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New Microsoft CEO Has to Change

One of the tech industry’s most prominent leaders is calling it quits, and investors are elated. Microsoft announced last week that CEO Steve Ballmer will retire within the next 12 months, after helping to choose his successor along with a committee that includes chairman Bill Gates. In a statement, Ballmer said:

“There is never a perfect time for this type of transition, but now is the right time. We have embarked on a new strategy with a new organization and we have an amazing senior leadership team. My original thoughts on timing would have had my retirement happen in the middle of our company’s transformation to a devices and services company. We need a CEO who will be here longer-term for this new direction.”

Microsoft shares jumped 7 percent on the news that Ballmer would be stepping down. That’s understandable: The company’s stock price has been remarkably flat in the 11 years since Ballmer took the reins — not a track record that inspires a lot of investor exuberance. The immediate joke on Twitter: “Hey look, Ballmer finally figured out how to make Microsoft’s stock price go up!”

But Ballmer’s departure will only be good news if Microsoft takes advantage of the opportunity to reshape the way it does business. It needs to stop being a lumbering giant and reinvent itself as an aggressive underdog. The initial signs are not encouraging. The phrase “devices and services” crops up several times in the company’s official statement. That’s meant to signal a shift in focus — but more worryingly, it signals a lack of focus.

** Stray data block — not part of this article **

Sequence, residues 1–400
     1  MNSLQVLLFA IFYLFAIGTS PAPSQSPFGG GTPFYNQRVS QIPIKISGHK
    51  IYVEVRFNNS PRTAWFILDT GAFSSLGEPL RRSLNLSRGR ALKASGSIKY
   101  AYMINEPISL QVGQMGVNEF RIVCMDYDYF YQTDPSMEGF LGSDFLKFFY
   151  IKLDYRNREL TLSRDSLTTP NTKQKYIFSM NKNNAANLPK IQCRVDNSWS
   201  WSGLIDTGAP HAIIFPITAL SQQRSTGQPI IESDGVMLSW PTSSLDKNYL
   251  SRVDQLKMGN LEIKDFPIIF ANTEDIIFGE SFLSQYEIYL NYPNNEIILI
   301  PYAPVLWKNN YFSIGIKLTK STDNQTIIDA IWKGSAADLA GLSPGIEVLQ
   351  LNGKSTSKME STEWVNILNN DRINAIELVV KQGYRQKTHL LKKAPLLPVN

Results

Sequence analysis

Microsoft has long been best-known as a software company and remains one of the world’s largest software makers by revenues. Of course, its stranglehold on PC operating systems is looking like less of a prize as people shift from doing their computing on desktop computers to smartphones and tablets. Ballmer has responded by plowing into the hardware business, with mixed results. The company’s Xbox gaming consoles continue to lead the market. Its Surface tablets, meanwhile, have basically flopped — although the device itself may be less to blame than Microsoft’s own Windows software. Other hardware ventures, like the poor Zune, have gone nowhere.

It’s easy to argue in hindsight that Microsoft should have been quicker to join Apple in devoting its best minds to mobile devices and operating systems a decade ago. But it’s always difficult for a company that’s already making so much money from its existing products to cannibalize them in pursuit of the next big thing. It’s clear that Ballmer and Microsoft by now have acknowledged the need to pivot. So far, however, the company has been following more than leading the way. Whereas its Xbox team is dreaming up futuristic, cutting-edge products like Kinect, its consumer mobile devices have basically amounted to belated knockoffs of Apple products.

The “services” part of the “devices and services” equation, meanwhile, implies a broader focus than just software, including cloud-computing services for consumers and businesses. That’s a promising area. But for Microsoft to have any chance of rejoining the ranks of the most successful and exciting tech companies, it’s going to need to make up its mind about its core mission.

Google, Amazon, Apple and Facebook all have one or two things at which they’re the best in the world, and the rest of their products flow from those. The thing at which Microsoft was the world leader — desktop operating systems — no longer presents growth opportunities. It needs to stop chasing trends and decide what it’s going to be the best at next. If it’s devices, the company needs fewer Zunes and more Kinects. If it’s services, it needs to stop parroting Apple in the consumer market and build on its comparative advantage in the enterprise market.